A Look Into The 4 Generations Of K-pop Idol Fandoms Throughout The Years
How have the K-pop idol fandoms changed throughout each generation? Let's find out!
How much do you know about the history of K-pop?
It has already been more than 20 years since K-pop became mainstream in Korea.
Within K-pop, each fandom also has its own history over the last 20 years.
Taking a look at the past helps us understand how K-pop has changed over the years.
Today, let's take a trip down memory lane and learn about what has changed over the years.
Just a little disclaimer before we start, each person is subject to have their own thoughts and opinions on this topic.
Please note that each generation I will be introducing below are just a few groups that most people agree on as the main representatives.
Also, each generation is divided into groups that were most popular and active during the era, not their debut year.
Now that we got that out of the way, shall we begin?
First Generation K-pop Idols
Boy Groups: H.O.T., Sechs Kies, g.o.d, Shinhwa, and more
Girl Groups: S.E.S, Fin.K.L, Baby V.O.X, and more
The first generation of idols began their journies after the iconic three-member group, Seo Taiji and Boys, disbanded and retired.
In 1996, SM Entertainment was inspired by Seo Taiji and Boys, American boy bands, and Japanese idol production to create the first K-pop idol group, H.O.T.
After, groups such as Sechs Kies, g.o.d, Shinhwa, S.E.S, Fin.K.L, and Baby V.O.X were created.
This was also when fan groups that loved and supported these idol groups developed.
During this time, there was no Internet, so they had a completely different fandom culture than we do today.
When their favorite idol groups were on TV, they would record it on their video cameras.
To book concert tickets, they would line up the day before at a particular bank that sold them exclusively.
Also, music could only be listened to on an album.
So on the day of the release of an album, there would be long lines at the record store filled with fans trying to get their hands on the latest album.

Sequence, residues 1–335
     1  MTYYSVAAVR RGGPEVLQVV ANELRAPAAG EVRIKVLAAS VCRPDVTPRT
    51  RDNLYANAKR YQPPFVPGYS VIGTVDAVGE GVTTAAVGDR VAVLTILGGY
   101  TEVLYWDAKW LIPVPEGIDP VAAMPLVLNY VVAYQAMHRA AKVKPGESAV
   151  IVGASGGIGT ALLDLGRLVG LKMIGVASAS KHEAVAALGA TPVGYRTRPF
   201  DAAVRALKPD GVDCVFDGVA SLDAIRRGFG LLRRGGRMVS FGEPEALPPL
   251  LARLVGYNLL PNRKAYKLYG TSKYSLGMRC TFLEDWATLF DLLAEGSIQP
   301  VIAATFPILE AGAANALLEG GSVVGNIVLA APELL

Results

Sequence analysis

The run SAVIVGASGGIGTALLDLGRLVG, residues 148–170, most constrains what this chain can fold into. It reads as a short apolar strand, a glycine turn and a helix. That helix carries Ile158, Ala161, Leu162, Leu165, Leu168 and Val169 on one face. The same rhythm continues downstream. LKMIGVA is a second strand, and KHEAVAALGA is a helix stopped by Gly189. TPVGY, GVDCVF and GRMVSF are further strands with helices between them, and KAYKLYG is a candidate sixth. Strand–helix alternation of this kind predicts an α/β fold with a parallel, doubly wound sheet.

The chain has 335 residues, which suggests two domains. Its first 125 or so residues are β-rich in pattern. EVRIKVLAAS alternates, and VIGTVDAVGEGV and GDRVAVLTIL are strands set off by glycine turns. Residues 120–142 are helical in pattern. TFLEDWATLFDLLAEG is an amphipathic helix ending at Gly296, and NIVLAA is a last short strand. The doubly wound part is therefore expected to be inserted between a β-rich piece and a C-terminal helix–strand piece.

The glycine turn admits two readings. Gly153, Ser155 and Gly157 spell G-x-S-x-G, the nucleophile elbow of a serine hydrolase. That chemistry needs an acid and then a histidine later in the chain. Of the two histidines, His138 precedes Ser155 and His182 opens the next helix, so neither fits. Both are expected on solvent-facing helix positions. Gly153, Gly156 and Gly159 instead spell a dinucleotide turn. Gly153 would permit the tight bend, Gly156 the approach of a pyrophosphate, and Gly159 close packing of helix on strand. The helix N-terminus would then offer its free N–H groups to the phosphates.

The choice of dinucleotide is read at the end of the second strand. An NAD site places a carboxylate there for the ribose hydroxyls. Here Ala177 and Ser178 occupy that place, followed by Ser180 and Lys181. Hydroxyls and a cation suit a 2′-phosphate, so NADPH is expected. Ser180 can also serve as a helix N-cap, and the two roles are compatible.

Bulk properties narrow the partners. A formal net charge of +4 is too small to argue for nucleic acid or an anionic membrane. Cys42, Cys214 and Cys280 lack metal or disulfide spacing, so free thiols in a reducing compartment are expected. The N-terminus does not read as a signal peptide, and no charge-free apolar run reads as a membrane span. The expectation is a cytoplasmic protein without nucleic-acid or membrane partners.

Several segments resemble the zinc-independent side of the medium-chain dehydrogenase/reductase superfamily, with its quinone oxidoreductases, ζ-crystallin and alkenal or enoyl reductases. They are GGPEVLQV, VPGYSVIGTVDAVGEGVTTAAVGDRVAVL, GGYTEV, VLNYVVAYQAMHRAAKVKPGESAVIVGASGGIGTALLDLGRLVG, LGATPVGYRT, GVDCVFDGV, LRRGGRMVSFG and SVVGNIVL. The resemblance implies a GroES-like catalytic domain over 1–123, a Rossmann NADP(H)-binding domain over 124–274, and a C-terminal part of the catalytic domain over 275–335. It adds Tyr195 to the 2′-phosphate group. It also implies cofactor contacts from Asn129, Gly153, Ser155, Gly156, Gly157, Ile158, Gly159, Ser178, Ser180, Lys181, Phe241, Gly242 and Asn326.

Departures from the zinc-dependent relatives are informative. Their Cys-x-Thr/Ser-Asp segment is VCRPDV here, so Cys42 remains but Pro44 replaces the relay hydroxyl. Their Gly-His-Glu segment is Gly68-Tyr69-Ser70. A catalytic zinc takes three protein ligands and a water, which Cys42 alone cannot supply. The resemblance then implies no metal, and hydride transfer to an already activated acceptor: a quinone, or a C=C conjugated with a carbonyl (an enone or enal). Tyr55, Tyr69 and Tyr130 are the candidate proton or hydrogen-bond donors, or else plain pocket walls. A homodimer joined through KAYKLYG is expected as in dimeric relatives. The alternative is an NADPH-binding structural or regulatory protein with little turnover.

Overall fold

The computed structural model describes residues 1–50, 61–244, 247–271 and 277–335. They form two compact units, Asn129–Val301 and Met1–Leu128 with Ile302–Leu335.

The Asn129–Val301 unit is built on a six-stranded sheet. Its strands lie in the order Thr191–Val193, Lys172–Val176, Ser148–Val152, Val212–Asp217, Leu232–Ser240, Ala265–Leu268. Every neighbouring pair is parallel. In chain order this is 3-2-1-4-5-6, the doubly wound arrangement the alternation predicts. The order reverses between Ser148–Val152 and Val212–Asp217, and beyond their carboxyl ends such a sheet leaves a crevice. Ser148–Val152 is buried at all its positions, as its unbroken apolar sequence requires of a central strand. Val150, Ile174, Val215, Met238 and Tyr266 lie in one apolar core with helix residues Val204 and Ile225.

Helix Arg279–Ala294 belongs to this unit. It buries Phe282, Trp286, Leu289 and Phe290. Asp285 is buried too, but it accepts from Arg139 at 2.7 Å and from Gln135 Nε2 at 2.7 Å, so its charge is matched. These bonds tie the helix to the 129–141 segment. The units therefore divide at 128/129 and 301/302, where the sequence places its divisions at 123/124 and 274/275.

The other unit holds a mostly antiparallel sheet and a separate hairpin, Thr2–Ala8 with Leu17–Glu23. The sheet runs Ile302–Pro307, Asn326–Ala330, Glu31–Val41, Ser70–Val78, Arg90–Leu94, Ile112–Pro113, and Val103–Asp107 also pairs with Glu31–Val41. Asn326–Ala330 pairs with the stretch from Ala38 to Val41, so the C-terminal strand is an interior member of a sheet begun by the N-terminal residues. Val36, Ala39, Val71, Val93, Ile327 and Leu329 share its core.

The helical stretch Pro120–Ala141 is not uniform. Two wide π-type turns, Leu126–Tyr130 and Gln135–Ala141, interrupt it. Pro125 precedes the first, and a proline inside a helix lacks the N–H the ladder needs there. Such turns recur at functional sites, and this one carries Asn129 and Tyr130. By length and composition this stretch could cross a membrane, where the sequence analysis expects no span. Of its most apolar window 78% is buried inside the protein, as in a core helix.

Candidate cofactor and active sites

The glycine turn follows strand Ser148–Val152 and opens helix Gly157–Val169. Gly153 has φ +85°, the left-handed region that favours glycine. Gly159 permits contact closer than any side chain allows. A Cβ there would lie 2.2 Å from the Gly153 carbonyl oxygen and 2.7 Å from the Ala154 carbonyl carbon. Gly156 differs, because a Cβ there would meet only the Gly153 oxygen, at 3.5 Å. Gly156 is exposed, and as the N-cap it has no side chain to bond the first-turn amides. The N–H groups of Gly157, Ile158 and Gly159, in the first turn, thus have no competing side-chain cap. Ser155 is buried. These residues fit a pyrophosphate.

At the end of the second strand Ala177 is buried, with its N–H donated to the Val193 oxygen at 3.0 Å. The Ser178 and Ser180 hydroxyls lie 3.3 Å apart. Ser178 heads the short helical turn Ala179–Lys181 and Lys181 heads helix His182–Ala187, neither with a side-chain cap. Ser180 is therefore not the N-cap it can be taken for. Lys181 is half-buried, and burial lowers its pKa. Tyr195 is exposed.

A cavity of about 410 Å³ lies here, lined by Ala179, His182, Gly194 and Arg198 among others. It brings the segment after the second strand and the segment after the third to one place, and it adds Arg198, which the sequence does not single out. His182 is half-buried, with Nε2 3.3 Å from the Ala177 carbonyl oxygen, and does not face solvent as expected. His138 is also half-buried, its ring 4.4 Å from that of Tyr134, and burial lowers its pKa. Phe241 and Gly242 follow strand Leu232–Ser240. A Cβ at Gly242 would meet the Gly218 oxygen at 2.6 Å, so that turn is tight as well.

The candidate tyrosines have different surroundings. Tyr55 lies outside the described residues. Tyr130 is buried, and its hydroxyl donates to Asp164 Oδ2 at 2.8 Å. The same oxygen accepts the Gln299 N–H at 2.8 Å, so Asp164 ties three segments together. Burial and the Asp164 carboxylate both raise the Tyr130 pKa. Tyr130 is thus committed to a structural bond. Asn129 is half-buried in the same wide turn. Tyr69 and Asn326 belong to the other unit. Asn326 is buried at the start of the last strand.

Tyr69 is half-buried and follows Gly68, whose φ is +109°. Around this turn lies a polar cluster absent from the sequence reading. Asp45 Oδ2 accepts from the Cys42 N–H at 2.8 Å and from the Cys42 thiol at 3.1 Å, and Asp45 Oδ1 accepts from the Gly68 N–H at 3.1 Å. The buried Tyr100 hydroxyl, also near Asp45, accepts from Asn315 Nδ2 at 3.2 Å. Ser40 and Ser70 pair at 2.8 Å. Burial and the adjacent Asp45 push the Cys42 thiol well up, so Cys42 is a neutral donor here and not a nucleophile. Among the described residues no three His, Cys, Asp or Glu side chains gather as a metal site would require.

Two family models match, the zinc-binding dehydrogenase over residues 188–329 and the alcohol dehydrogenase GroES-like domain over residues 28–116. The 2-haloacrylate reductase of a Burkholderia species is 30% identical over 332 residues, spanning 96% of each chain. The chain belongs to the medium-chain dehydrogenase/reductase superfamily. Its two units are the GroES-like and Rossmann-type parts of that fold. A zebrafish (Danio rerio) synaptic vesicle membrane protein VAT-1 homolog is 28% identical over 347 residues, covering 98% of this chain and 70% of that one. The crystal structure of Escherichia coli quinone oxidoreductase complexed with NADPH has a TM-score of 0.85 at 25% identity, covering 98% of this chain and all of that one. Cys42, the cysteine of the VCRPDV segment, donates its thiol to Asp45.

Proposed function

At this time, the music market was highly active.
The legendary group, H.O.T, achieved a million sales every time they released an album.
To this day, each idol group has its own symbols of color, right?
The culture of this started with the first generation of idol groups.
H.O.T was white, Shinhwa was orange, Sechs Kies was yellow, and g.o.d was blue.
However, they didn't have glow-in-the-dark light sticks during that time.
Instead, they had raincoats and balloons!
Fans cheered in the crowd wearing their favorite idol group's color symbols and waving balloons.
This was also when fan chats became a thing.
They would shout their member's names during the instrumental part of their performance.
However, since it was the beginning of K-pop idol fandoms, there were many issues.
There were a lot of things that are not allowed today, that were permissible.
For example, visiting the idol group member's houses was very common.
No one thought that it was problematic to do so.
Also, during this time the rivalry between idol groups was very intense.
It was common for H.O.T and Sechs Kies fandoms to break out into physical fights at various concerts.
In addition, if rumors circulated of their favorite idols dating another idol, they were severely hated on and bullied.
For example, Kan Mi-youn of Baby V.O.X was sent dead mice, death threats with the writing in blood, and razors in the mail after she was rumored to be dating Moon Hee-joon, a popular member of H.O.T.
There's even a video of crowds shouting, "Get off the stage!" while her group was performing because Fin.K.L came first place.